Home' NZ Dairy Farmer : May 2010 Contents The Dairyman MAY 2010 39
WE are what we eat and our ani-
mals are no different. They
receive the basic nutrients from
their grass based diets, however, this is
often lacking in vital minerals. The min-
eral content of grass varies throughout the
season and throughout the country.
Therefore, it is over to the farmer to
ensure these deficits are filled.
Applications of fertiliser can help to
increase the available minerals on most
soil types but remember that requirements
vary with geography.
Supplementary feeds will also vary in
their mineral balance. An example has
been the increased feeding of Palm
Kernel Expeller meal.
This is higher in organic copper than
most of our other feedstuffs, and farms
which have been feeding significant
amounts are finding a change in the cop-
per status of their herds (sometimes dra-
This subsequently affects the amount of
direct mineral supplementation the ani-
mals need (and can lead to toxic levels in
some cases if the "same old" supplemen-
tation methods are adhered to).
Changing farms, geographical regions,
or farm systems may also change the
requirements. A change in systems to
increase production may require increas-
ing the supplementation of certain miner-
als. Different areas of New Zealand will
have different soil availability of
minerals, and differing elements
competing for the uptake by the
The big three trace elements are
copper, selenium, cobalt.
Liver biopsies are the ideal way
of assessing copper status.
Although we can test blood samples for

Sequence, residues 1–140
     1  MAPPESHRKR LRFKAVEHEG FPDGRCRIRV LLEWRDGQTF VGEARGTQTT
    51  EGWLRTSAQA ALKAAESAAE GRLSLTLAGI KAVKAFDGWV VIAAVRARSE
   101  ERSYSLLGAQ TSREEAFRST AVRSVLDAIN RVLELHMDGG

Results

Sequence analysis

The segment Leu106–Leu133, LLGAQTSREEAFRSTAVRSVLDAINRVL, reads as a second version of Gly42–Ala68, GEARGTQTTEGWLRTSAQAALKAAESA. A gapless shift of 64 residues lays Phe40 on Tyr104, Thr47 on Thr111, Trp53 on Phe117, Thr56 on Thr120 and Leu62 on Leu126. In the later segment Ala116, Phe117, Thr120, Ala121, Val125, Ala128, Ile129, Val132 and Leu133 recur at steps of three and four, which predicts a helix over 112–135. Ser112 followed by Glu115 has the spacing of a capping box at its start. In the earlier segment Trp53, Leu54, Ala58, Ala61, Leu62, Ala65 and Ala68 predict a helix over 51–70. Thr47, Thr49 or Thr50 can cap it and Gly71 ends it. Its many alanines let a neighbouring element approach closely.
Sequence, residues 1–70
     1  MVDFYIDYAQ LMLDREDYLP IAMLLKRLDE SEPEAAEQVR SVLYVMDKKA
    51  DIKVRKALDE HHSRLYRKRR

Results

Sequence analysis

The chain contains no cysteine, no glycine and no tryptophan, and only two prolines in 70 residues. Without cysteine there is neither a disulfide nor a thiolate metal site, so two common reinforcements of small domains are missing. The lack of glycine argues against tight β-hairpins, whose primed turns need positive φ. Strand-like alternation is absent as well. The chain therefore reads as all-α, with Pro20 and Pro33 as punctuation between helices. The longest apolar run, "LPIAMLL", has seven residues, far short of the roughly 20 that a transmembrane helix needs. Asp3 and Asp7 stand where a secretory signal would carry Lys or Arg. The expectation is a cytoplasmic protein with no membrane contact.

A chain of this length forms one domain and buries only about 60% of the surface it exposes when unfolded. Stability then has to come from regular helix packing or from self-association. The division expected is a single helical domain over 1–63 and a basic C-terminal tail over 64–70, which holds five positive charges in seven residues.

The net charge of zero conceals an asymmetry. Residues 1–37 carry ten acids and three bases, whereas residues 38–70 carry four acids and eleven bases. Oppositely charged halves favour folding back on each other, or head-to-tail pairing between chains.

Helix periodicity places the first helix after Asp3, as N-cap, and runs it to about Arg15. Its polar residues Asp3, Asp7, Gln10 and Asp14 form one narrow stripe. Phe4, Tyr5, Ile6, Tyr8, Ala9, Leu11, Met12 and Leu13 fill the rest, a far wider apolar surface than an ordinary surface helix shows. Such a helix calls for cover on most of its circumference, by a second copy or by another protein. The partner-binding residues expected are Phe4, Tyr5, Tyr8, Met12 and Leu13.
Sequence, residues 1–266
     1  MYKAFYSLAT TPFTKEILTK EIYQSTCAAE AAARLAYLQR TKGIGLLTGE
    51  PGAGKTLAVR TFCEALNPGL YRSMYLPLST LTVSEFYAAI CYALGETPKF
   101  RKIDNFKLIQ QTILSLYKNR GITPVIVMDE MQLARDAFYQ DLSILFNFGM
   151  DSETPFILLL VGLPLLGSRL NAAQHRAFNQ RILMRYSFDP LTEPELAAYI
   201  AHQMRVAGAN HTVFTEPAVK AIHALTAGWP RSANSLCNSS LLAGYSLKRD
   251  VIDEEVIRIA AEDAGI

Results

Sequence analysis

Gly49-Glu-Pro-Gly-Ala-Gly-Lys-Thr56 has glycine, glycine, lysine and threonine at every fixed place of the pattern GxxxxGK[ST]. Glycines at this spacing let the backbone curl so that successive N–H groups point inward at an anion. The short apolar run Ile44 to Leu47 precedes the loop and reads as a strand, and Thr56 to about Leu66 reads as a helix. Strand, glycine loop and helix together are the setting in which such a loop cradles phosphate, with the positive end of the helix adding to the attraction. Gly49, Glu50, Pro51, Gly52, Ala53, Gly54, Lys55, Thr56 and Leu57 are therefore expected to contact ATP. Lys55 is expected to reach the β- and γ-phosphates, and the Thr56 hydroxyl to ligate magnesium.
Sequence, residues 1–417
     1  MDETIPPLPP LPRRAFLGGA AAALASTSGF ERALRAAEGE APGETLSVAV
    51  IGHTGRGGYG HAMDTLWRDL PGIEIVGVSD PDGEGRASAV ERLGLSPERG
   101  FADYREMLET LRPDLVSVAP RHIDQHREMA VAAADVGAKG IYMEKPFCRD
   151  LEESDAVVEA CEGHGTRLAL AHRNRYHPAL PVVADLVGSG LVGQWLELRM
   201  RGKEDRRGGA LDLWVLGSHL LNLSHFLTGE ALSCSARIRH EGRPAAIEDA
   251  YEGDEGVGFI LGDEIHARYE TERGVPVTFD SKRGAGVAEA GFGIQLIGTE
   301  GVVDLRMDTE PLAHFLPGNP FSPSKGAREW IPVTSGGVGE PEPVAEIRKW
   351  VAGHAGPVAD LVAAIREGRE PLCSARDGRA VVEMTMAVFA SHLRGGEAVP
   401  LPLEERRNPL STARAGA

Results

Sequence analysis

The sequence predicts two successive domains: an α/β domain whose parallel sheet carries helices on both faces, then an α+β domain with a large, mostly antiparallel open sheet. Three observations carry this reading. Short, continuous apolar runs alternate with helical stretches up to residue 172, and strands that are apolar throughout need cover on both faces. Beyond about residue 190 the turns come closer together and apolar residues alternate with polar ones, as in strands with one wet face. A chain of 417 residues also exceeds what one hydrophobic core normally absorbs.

copper, it is not indicative of the amount
of copper in storage. I often consider the
liver (and its copper stores) to be like a
If you want to know if there is water,
you turn on the tap (this is like measuring
blood levels -- it lets you know that there
is enough storage to maintain a flow).
But the level of water may be just above
the outflow, and it might only last another
couple of days before that flow slows to a
trickle. So if you want to know how
much water is in the tank, you look inside
(this is like taking a liver biopsy and
measuring the amount of copper stored).
Liver biopsies can be taken at the abat-
toir, but my preference is for taking them
from the animals that are staying in the
herd. The culls that go to the works are
often non-pregnant, or not performing in
the herd, so are not good representations
of the cows that will be staying on the
farm through the winter.
The liver copper levels in these cull
cows are often higher than the rest of the
herd (as non-pregnant cows do not have
the copper drain of the growing foetus),
and can lead to an inaccurate assessment
of the herd's requirements.
Selenium is another important trace
element that is often overlooked. The ref-
erence ranges from the Animal Health
Laboratories are based on what is "nor-
mal", and is not necessarily what is
required for performance.
As an example, the laboratory refer-
ence range for serum selenium is from
150-1000. Although the bottom of this
range is 150, levels below 300 have been
shown to negatively affect milk quality
(cell counts), immune function, and
increase the incidence of retained foetal
membranes post calving, there is now evi-
dence that we need higher levels to opti-
mise animal performance.
Cobalt is the base material for rumen
microbes to produce Vitamin B12. Some
areas are well known for being cobalt
deficient (the Central Plateau of the North
Island for example), fertiliser supplemen-
tation often is not enough to correct these
We can measure the current status via
In short, it is difficult (almost impossi-
ble) to advise on trace element
supplementation without knowing
the current status and planned
inputs/outputs. Every situation is
different, and what works on your
neighbours' farms is not neces-
sarily right for you. Please con-
sult with your veterinarian about
the best trace element plan for
Trace elements can make big difference
"Every situation is different,
and what works on your
neighbours' farms is not
necessarily right for you."
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